Take it easy on pay demands, says govt

CIVIL servants will have "to temper their demands for wage increases" due to the present recession and the resulting shortfall of billions of rands in revenue collection, government warned yesterday.

CIVIL servants will have "to temper their demands for wage increases" due to the present recession and the resulting shortfall of billions of rands in revenue collection, government warned yesterday.

Government will put its cards on the table about its shrinking spending power when it starts negotiating with trade unions, spokesperson Themba Maseko told reporters at the fortnightly Cabinet briefing.

"It is tough times which call for tough choices to be made. It is absolutely essential firstly for the leaders of the unions, but secondly for the country as a whole, to understand what this recession means for our economy, the constraints that it places on us as a government. One of the most immediate consequences of this recession is that there is a decline in tax collections."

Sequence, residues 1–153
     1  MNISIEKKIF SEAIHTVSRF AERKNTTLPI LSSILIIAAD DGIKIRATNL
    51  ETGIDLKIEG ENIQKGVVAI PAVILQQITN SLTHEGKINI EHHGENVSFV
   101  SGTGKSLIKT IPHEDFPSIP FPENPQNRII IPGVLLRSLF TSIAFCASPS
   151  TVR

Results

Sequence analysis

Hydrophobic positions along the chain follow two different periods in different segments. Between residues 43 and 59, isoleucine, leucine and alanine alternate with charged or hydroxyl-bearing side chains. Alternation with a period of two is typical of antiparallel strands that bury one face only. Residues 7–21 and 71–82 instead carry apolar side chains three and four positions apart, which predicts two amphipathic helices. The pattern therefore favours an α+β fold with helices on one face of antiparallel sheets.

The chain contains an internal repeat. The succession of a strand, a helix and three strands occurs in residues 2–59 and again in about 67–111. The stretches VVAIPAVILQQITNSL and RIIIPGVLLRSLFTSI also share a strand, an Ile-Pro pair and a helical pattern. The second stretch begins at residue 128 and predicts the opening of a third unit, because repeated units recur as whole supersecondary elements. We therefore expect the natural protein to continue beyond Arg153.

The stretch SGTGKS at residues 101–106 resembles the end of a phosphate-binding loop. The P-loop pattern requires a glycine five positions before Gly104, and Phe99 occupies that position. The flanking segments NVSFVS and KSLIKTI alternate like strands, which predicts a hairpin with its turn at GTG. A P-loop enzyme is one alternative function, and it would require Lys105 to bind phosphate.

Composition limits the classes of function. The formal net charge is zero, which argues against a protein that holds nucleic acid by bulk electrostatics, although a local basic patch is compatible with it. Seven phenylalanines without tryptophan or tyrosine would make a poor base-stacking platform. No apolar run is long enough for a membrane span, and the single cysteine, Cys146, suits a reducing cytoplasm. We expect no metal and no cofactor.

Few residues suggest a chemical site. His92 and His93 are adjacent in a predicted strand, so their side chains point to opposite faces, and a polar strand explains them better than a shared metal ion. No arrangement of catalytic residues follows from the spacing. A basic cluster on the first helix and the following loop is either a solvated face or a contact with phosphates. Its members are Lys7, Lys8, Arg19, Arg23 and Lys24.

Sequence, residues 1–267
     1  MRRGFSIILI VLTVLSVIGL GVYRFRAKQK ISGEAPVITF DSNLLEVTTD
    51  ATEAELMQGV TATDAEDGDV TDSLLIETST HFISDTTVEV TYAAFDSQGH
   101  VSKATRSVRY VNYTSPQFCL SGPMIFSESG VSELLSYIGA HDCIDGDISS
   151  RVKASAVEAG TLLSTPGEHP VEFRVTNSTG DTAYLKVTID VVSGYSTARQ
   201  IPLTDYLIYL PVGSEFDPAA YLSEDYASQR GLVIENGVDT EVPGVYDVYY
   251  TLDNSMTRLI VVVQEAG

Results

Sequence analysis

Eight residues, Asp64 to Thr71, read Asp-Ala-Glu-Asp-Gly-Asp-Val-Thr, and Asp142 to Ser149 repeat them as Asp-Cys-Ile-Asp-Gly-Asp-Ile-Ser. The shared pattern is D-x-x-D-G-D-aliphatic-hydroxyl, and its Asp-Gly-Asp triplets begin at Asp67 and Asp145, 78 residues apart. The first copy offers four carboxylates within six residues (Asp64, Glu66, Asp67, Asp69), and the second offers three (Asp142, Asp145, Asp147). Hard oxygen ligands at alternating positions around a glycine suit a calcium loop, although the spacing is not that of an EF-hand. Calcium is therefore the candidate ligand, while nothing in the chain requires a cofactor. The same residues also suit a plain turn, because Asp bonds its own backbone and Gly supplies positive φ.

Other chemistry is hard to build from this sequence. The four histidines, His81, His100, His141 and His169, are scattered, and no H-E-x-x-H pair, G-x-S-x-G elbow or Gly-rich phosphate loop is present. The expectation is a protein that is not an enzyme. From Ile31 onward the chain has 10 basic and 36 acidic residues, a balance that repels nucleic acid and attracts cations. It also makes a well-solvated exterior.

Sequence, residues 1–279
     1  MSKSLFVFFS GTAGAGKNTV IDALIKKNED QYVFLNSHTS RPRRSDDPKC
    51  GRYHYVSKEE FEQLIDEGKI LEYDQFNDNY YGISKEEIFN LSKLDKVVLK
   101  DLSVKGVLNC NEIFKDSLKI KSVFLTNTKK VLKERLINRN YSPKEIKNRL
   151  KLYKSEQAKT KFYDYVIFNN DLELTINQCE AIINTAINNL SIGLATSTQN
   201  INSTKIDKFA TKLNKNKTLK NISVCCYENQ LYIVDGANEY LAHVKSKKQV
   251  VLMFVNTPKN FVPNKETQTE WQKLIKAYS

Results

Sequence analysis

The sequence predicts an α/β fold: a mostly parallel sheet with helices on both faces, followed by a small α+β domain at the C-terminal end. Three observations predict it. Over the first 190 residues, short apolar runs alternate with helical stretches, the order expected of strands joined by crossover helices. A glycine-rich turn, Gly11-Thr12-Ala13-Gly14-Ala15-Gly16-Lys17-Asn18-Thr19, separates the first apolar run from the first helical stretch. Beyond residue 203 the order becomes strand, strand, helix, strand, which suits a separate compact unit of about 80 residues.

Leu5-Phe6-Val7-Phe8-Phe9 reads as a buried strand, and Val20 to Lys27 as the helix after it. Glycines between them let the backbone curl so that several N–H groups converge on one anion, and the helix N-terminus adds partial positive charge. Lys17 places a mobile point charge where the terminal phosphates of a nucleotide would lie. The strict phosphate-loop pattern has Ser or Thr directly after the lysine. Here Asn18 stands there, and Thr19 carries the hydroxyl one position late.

Maseko was referring to Finance Minister Pravin Gordhan's announcement that revenue collection was R19billion lower than expected - and that this could increase to R60billion by year's end.

He said the state could not afford to spend all the money at its disposal on wage increases because it would have nothing left for other essential services.

"We still need to buy textbooks for learners; we still need to buy medical supplies; we still need to fix a lot of the things that are broken in our public hospitals; so not all the cash that is available, for example in the health budget, can actually be brought into the salaries."

In addition, Cabinet was expecting pleas from struggling state-owned enterprises for further cash injections, he said, but declined to name the parastatals.

Maseko said however that "at the same time we are committed to making sure that any offer we put on the table is as reasonable as possible, but also it must be affordable".

He said government was half expecting to enter a "strike season" as poorly renumerated civil servants ask for redress, but hoped they would reconsider before downing tools.

Maseko brushed aside suggestions that ministers should accept austerity cuts on their own pay packages - or that President Jacob Zuma's decision to create six new ministries - at a still unknown cost - should be postponed. - Sapa

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